Exclusive The boss of DXC Americas has been elbowed out of the door, an internal memo seen by The Register can confirm. The reason for his exit is believed to be a double-digit drop in the region's sales.
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A 9 October memo sent to some staff from the Frankenfirm’s CEO Mike Lawrie dedicated only the first short paragraph to the departure of Karan Puri.
“Today I am announcing that Karan Puri will be leaving DXC Technology at the end of this week. I know you will join me in wishing Karan well in his future endeavours,” the memo stated.
Puri only landed at DXC in January amid an exodus of senior management – many from the HPE ES side of the house – including Mike Nefkens, who was DXC’s number two, an exec veep and GM as well as the person who had led the Americas ops since the company formed in April ’17.
Lawrie’s memo pointed to four areas of “collective focus” for the region’s top brass: “making our revenue and profitability targets for the year”; “installing a disciplined, accountable and results-oriented management systems for the region”; “realizing the significant potential of the region’s industry focused go-to-market strategy”; and becoming the, er, “digital transformation partner of choice”.
With the Americas leader out of the picture, a restructure has seen eight divisions – including Aerospace and Defence, Insurance, and Travel and Transportation – move reporting lines to Jim Smith, exec veep of Digital Transformation and Customer Advocacy.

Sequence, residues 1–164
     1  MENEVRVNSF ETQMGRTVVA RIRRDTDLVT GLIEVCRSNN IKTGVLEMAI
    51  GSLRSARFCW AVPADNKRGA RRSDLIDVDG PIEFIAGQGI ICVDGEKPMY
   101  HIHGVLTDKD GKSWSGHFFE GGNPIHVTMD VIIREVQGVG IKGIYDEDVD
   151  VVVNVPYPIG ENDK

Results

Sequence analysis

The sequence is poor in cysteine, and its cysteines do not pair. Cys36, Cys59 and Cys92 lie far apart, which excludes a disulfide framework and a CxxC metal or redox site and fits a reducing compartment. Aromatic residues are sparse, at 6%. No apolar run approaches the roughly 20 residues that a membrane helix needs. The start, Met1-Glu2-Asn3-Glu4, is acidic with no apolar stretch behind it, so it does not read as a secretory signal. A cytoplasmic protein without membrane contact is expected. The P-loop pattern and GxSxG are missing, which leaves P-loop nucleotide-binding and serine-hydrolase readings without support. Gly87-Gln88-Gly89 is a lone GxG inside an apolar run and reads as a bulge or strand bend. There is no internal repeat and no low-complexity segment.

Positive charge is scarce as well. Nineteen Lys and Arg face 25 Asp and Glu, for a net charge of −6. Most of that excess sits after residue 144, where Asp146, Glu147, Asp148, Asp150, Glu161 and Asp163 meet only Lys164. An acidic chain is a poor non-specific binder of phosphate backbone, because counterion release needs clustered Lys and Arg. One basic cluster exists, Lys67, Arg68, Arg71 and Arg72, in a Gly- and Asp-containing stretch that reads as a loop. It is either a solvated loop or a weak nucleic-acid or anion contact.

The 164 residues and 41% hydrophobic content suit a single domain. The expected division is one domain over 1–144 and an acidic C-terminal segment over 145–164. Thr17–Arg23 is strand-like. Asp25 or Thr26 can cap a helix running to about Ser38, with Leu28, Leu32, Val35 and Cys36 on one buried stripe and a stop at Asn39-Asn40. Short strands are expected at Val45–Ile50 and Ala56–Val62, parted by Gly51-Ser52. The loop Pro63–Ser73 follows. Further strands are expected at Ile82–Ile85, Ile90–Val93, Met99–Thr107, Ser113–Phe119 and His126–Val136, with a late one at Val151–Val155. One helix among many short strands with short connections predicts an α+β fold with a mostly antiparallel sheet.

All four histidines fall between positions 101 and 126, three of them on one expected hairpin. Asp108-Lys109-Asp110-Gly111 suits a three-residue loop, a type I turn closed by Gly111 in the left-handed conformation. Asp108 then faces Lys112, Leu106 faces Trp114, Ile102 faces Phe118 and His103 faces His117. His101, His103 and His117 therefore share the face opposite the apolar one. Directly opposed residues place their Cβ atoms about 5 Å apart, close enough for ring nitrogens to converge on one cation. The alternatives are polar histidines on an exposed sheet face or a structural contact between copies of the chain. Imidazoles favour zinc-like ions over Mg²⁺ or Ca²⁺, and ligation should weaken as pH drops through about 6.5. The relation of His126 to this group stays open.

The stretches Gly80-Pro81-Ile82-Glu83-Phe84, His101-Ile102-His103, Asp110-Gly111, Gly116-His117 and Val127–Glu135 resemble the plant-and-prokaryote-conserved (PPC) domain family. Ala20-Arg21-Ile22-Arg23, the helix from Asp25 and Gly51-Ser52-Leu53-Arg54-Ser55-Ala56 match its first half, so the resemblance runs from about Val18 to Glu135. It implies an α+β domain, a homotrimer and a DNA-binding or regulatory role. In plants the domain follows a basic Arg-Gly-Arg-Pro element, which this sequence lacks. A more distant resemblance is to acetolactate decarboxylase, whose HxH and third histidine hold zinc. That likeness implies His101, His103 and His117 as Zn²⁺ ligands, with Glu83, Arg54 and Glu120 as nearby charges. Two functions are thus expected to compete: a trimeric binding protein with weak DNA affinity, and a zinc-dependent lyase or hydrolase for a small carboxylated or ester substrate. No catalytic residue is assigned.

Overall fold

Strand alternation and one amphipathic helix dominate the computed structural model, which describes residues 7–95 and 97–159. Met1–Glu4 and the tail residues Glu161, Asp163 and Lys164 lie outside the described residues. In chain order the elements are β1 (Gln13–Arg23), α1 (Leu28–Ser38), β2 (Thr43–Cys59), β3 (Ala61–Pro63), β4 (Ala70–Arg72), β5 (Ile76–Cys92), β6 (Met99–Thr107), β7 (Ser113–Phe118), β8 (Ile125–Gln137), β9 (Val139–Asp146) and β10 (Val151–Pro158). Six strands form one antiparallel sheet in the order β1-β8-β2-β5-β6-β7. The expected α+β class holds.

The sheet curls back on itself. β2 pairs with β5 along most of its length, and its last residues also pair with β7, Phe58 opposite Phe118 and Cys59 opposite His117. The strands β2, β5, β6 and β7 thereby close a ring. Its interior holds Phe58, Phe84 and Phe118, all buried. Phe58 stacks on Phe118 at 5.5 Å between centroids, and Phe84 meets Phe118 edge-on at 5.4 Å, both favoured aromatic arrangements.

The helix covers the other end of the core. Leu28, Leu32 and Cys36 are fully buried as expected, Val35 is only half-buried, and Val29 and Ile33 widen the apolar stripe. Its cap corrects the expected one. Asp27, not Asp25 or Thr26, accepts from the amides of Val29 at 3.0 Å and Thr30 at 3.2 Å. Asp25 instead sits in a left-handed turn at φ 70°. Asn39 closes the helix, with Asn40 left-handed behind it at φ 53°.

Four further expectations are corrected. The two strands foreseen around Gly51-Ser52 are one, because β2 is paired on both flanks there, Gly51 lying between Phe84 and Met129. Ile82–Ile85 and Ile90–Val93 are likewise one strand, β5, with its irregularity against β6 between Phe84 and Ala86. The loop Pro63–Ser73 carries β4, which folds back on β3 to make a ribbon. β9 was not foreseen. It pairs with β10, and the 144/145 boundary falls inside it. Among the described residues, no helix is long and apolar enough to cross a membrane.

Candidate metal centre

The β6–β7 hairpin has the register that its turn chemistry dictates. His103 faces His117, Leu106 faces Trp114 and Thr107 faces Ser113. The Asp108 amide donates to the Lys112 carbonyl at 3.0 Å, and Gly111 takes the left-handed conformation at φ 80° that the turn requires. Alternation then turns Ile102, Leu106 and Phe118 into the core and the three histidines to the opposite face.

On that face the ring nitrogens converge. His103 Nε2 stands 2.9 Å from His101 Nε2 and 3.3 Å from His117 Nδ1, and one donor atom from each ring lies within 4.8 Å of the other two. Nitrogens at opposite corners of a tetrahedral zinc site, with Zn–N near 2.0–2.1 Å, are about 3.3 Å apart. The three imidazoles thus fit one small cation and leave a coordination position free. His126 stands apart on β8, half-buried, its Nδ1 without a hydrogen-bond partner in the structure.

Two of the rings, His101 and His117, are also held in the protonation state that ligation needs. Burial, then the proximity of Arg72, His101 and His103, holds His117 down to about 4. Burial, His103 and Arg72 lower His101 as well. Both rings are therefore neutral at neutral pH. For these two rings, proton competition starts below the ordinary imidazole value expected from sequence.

The heads of another eight divisions – including Banking and Capital Markets, State and Local, and Healthcare – will all report to Ed Ho, exec veep and GM of Offerings.
In addition to the usual quarterly redundancies across the wider workforce, DXC has laid off numerous senior managers, and watched those who chose to leave, in calendar 2018. These include Mike Klaus, senior veep of Application Services, Steve Hilton, head of Global Delivery, Martin Risau, head of analytics, Steve Trinkle, veep of airline delivery, and Sue Arthur, veep and GM of Healthcare and Life Sciences.
One insider told us “DXC is descending into turmoil”, and that earlier this month Lawrie called a “town hall” meeting to confirm more redundancies on the shop floor and “blamed Puri for a 10 to 15 per cent shortfall in [forecast] revenues”.
“There is no way Puri can have had any real chance to move the needle in the short time he was in office and this ‘revolving door’ style of leadership is what goes on at DXC,” said our DXC mole.
DXC started life in April ’17 with 170,000 employees worldwide but now has 134,000 staff. The Register has often spoken to company sources that were concerned about the impact on serving customers.
One of our sources on this occasion told us “the company is in chaos as all the cuts are leading to mounting customer complaints”.
Lawrie has realised that AWS and other cloud providers are eating its lunch, and so said during its Q1 results conference call that if you can't beat them, join them in cannibalising your own sales. As such, DXC has set up an AWS practice to bombard clients with reasons why they should choose DXC in their, er, "journey to the cloud".
Prior to DXC, Puri spent more than a decade with Indian outsourcing outfit HCL. The Register has asked Puri to comment. ®
Martin Risau has contacted The Register to confirm that he left DXC for "personal reasons" in September, and was not made redundant. Sue Arthur has also told us she left of her own volition.